My landscape photographs were as banal and unremarkable as the Texas landscape where I lived at the time.  As primarily a black and white photographer my early works showed no eye for light.  The recognition and exploitation of ‘good light’ was something I learned later ---much later.  A sensitivity to ‘good light’ wasn’t something I learned in college either; I learned it from a year-long assistant/apprenticeship with another photographer who did have an innate ability to find and use great natural light.  ‘Light’ for me was an acquired skill and I don’t see any evidence in my early works that I had any ‘natural’ perception when it came to light.

I found very few portraits, snapshots or ‘people pictures.’  I owe this to my life-long introversion and (somewhat) dislike of other people.  It was pretty cool to find 1970s era concert photos of rock bands like Yes, Supertramp and Jethro Tull.  Those were merely ‘adequate’ pictures as well, notable only by the fact that cameras haven’t been allowed in most rock concerts for a long time now. 

Compositionally I was ‘safe.’  Apparently I’d read, learned and followed the compositional ‘rules’ and I saw no ‘non-standard’ or ‘innovative’ or ‘risky’ composition in my early works at all.  I consider myself a ‘formalist’ to this day but I do try to ‘shoot outside the compositional box’ from time to time, although still it’s not natural for me.  When I look at these works now, I feel that at the time, if there were ‘rules’ to be followed (art-rules or photographic-technical) I followed them and exploited what was considered ‘safe’ but I really didn’t take any chances until much, much later.  I can now see that I was trying to fit a ‘standard’ and wasn’t confident enough to ‘break the rules.’

All in all I was a rather adequate photographer with above-average technical abilities for my youth.  This discovery was rather disappointing as I’d held my early photography in such high esteem ---until I saw it again. 

Not that ‘adequate’ is all that bad; I just thought I was better.  Cognitive-dissonance dictates that I must reject a ‘feeling’ that conflicts with a ‘fact.’  I’d ‘felt’ I was better, but the new ‘facts’ of those old prints laying on my studio floor tells me I must reject my warm, fuzzy feelings about my early artistry and pay attention to the ‘fact’ that I just wasn’t quite as good as I thought I was.

But among the boxes of unimpressively adequate photographs I did find some that showed ‘the spark.’ 

The pictures I found where I can reasonably construe there was a ‘spark of brilliance’ were the ones that I’d either ‘directed’ or used some darkroom-trickery.  The studio photos, the posed actors in the high school play, and the set-up shots were my best.  When I’d ‘imposed myself’ on the situation had resulted in the best photography.  I did better when I ‘took control’ or ‘directed’ than when I just showed up and took the shot.  I didn’t know it at the time, but apparently I was a much better ‘advertising’ shooter than ‘editorial.’  I found composite prints I’d made at the age of fifteen that were nearly as good as Jerry Uelsmann’s.   I’d built miniature sets in forced-perspective that I’d photographed for my high school newspaper that won awards.  My Kodalith high-contrast film experiments were successful.  Basically, what I found was my ‘straight’ photography was average while my ‘special effect’ or ‘set-up’ imagery was superior and showed ‘the spark.’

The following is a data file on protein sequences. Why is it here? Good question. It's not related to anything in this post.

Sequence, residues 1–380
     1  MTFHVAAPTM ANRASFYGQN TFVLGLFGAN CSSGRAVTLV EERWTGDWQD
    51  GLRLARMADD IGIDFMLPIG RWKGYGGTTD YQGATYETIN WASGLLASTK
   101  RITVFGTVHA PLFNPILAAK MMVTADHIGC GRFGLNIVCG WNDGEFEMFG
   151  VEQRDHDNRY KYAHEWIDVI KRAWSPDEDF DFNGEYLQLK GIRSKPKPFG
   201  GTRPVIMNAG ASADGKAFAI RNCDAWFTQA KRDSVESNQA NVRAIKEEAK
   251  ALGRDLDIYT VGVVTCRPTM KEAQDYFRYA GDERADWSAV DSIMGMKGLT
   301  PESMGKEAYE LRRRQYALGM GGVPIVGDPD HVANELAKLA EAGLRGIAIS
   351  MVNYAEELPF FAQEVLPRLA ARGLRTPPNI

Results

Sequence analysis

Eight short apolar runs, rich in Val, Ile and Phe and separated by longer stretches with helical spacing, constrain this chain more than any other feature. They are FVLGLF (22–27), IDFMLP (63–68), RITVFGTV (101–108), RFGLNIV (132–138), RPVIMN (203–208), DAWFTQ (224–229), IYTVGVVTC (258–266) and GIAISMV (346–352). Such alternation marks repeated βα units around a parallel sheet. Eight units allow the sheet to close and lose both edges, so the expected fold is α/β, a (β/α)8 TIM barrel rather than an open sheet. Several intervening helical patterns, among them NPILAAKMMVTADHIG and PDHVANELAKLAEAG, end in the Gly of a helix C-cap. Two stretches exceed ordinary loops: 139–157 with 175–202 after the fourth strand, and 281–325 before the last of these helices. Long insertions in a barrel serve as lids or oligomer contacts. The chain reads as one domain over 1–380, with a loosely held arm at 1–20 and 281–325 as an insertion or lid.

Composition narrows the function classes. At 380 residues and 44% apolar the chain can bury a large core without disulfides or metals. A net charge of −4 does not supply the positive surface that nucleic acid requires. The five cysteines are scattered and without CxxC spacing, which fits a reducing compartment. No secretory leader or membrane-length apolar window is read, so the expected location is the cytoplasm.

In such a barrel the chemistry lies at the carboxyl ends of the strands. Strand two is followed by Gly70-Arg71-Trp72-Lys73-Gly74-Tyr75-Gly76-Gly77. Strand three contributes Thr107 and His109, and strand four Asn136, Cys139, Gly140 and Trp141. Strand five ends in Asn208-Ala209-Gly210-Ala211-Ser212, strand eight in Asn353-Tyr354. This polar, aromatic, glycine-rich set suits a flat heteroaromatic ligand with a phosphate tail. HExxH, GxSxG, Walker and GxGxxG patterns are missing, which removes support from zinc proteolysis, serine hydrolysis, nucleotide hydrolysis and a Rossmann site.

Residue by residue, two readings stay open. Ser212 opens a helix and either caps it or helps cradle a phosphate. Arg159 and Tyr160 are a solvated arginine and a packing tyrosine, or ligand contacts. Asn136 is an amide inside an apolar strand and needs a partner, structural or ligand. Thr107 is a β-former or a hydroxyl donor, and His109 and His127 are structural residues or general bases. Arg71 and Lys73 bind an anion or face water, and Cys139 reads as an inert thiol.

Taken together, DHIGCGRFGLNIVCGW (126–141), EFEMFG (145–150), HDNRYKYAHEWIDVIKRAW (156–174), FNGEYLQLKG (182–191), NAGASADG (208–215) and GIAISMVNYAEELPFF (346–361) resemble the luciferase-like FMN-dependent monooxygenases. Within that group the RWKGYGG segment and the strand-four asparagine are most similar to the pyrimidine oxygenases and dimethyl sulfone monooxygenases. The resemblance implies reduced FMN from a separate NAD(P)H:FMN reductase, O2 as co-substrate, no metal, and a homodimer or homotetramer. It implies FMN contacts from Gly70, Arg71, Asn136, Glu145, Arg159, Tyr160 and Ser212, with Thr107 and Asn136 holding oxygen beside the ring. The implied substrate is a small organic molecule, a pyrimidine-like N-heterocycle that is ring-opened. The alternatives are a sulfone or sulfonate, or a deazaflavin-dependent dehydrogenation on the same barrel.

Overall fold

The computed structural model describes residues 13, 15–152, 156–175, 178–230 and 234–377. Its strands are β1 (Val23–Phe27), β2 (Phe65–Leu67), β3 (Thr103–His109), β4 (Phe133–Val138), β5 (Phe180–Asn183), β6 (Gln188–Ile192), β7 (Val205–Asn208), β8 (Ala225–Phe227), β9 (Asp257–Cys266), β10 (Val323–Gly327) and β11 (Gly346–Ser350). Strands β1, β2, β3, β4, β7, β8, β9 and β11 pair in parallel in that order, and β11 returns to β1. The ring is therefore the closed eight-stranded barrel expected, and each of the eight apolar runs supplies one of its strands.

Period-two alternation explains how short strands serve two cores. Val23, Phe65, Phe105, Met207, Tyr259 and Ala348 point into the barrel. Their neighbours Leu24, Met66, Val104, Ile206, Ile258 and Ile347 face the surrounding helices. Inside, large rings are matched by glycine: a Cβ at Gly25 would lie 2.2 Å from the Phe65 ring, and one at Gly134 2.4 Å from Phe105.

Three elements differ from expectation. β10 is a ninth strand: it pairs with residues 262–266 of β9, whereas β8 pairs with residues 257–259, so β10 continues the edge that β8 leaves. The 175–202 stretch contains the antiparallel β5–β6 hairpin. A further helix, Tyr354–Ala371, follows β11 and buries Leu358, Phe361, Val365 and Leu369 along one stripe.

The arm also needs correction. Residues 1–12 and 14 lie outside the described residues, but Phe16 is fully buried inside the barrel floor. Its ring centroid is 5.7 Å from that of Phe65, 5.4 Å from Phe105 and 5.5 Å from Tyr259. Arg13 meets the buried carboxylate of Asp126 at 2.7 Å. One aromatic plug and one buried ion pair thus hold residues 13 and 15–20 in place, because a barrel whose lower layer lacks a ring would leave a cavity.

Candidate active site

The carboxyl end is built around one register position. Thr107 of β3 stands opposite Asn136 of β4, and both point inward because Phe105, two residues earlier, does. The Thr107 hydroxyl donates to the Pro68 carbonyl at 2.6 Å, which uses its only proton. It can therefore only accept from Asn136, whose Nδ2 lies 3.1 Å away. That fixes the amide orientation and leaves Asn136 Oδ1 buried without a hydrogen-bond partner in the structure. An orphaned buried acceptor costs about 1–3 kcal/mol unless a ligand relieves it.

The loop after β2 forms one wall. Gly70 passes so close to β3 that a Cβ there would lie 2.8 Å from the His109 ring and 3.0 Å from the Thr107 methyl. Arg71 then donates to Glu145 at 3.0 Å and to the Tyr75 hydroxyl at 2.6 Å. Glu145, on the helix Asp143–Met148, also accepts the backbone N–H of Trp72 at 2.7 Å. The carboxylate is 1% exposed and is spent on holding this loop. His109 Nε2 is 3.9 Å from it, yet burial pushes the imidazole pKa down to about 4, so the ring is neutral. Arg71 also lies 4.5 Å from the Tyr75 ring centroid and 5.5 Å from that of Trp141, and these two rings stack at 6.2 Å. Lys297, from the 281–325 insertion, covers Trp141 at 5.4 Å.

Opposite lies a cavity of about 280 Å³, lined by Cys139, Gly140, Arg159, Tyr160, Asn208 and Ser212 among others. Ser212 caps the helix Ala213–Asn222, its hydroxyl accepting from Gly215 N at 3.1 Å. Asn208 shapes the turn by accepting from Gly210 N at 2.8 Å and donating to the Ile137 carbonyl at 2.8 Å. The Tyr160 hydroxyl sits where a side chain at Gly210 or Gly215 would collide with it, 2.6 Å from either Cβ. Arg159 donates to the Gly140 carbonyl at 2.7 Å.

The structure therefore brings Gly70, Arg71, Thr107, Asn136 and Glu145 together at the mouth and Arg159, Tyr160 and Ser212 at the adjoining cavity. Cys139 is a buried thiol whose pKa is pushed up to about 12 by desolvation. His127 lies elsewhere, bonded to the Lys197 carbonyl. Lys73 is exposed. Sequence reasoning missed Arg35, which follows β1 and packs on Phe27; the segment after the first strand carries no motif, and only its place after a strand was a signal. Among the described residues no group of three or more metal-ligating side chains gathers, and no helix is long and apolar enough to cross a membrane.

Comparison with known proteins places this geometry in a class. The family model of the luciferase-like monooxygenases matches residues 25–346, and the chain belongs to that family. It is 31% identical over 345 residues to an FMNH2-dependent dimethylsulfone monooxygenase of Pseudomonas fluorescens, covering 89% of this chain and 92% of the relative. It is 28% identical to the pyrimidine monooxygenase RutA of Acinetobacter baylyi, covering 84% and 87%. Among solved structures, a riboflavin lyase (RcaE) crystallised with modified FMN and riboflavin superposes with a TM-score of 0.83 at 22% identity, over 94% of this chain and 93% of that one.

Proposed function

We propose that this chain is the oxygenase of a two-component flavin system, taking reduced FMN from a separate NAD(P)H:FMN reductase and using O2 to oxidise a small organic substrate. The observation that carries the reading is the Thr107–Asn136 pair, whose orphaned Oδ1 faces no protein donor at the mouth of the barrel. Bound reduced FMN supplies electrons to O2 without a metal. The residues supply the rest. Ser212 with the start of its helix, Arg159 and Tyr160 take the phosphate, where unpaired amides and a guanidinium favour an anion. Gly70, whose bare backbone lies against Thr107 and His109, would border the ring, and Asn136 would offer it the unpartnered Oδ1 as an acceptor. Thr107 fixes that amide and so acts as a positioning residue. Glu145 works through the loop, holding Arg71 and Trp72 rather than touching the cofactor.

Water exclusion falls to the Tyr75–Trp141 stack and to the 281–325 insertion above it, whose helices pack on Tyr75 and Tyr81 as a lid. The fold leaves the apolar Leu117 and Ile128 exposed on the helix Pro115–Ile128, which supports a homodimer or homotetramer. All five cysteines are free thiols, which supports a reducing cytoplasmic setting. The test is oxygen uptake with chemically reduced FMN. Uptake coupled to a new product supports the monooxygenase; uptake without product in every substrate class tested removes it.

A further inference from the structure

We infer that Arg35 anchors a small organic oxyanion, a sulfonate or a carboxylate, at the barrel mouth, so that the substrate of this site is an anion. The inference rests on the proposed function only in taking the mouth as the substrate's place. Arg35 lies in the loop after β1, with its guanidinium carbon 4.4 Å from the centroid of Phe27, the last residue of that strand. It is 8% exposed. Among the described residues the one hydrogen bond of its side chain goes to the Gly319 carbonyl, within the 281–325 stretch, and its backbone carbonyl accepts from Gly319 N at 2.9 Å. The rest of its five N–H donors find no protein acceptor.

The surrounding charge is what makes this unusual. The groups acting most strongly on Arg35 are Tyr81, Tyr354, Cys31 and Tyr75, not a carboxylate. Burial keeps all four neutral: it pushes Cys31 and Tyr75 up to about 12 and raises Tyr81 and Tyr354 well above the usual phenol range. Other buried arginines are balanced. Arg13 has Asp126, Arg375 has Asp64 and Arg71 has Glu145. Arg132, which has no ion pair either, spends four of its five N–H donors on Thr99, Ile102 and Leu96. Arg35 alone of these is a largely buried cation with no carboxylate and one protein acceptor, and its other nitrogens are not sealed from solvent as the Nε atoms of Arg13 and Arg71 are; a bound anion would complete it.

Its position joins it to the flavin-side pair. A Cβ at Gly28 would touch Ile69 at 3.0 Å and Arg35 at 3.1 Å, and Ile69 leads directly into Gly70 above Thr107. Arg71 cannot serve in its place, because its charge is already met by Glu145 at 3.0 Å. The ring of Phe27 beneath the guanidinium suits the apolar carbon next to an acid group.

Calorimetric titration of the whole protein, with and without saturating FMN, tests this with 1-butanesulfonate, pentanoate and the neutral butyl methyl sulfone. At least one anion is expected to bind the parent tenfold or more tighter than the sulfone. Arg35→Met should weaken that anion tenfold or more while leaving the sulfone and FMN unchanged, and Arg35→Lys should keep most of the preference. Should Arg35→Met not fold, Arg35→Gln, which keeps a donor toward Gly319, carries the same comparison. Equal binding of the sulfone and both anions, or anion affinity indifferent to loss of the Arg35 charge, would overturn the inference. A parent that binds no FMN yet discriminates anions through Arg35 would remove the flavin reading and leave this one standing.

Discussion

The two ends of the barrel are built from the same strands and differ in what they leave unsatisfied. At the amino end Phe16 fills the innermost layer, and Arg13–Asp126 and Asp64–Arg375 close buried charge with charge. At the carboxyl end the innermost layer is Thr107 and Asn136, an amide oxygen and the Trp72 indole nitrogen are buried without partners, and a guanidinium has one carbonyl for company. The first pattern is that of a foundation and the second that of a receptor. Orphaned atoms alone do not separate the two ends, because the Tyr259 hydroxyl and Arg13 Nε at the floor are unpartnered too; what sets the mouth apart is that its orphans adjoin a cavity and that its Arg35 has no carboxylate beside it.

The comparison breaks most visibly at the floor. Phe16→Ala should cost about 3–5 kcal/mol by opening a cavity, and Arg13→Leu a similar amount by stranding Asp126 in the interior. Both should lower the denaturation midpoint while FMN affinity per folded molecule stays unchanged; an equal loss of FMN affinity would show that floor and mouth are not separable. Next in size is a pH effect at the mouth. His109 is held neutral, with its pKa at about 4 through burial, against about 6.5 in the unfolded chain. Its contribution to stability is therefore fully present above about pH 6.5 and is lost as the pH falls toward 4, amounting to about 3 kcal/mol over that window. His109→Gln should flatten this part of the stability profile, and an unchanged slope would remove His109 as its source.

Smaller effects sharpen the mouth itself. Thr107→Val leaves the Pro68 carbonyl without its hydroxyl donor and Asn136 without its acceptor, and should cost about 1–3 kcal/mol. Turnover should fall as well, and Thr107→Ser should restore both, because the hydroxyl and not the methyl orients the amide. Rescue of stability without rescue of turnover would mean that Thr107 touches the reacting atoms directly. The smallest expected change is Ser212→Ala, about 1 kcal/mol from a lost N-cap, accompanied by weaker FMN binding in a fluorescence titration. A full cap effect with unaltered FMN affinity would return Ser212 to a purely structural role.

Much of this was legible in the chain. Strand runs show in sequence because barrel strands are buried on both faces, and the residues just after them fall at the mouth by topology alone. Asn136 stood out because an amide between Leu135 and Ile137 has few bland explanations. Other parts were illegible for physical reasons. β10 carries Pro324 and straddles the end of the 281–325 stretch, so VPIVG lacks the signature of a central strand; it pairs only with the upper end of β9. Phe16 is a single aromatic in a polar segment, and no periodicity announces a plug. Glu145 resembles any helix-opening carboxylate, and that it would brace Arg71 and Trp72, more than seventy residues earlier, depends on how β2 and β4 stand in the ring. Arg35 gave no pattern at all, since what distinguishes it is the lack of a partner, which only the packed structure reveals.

Interestingly, now that most of my work is digital, I don’t think like a photographer much anymore.  Back then, not thinking like a photographer (despite advanced use of darkroom techniques) provided me the means of making the best imagery.  When I was ‘one of the photographers’ my work was merely adequate, but when I set-up the shot, or directed the people in the picture, or printed two negatives on one piece of paper or built a set to be photographed, only then did my work contain the spark of what it’s become today.

I also kept at it, which helps as success is the result of not quitting.

Since I thought I was so much better than I really was indicates I had a healthy ego ---perhaps too healthy.  My Dad, whose recent death was the cause of this re-discovery of my own art-history, used to criticize me for ‘thinking too highly of myself.’  I tried (and failed) to explain to him, back in the day and more recently, that since he didn’t think that much of me, I had to do it myself.  I mean if you don’t think highly of yourself or your work (to a point, keep the ego in control) who will?  Perhaps it was my delusional sense of artistic self-worth that made me keep at it? 

And I’m glad I kept at it.  I’ve gotten better.  I have something to contribute.  I thought I was a genius but I wasn’t; I thought I was more talented, and I was wrong.  But here I am anyway.  And maybe in the end, hard work is no different from genius?  No, I wasn’t as good as I thought I was and I’m OK with that.  I do think I’ll keep those old pictures to myself ---I don’t want to spoil anyone else’s delusion.  And regarding that Ego thing, if I really did think too highly of myself and my work, do you think I’d of admitted it, written it down and shared it?